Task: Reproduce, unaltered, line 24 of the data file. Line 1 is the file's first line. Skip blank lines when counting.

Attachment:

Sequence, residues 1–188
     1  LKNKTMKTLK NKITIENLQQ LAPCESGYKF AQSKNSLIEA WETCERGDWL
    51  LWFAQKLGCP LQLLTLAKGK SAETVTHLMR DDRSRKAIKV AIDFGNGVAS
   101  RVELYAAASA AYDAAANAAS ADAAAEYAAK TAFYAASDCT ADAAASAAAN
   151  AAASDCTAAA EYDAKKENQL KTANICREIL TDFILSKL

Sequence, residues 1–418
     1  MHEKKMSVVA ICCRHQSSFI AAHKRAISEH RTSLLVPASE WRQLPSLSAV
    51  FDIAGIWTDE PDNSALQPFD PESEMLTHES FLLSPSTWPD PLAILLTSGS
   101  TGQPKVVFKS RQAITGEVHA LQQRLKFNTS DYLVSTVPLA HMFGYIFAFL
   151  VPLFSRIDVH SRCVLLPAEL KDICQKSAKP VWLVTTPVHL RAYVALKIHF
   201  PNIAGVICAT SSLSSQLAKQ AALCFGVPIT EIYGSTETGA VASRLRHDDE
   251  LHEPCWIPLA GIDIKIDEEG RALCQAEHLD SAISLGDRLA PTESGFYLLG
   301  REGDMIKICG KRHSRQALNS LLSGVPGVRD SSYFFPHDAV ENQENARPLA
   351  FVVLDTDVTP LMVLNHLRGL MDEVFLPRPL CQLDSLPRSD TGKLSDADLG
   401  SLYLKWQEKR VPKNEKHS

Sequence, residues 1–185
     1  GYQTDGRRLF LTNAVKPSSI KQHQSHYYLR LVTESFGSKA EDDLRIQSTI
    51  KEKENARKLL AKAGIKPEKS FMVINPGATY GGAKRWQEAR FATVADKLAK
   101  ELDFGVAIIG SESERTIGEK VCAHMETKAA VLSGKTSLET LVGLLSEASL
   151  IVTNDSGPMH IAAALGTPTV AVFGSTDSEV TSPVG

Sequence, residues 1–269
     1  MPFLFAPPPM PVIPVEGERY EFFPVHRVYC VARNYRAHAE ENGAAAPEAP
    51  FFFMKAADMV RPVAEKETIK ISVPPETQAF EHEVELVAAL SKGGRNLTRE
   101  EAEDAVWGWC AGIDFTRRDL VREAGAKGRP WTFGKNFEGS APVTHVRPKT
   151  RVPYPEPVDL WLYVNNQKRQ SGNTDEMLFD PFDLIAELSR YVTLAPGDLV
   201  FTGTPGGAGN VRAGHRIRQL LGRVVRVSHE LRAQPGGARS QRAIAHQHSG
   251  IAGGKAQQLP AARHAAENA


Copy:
   101  EAEDAVWGWC AGIDFTRRDL VREAGAKGRP WTFGKNFEGS APVTHVRPKT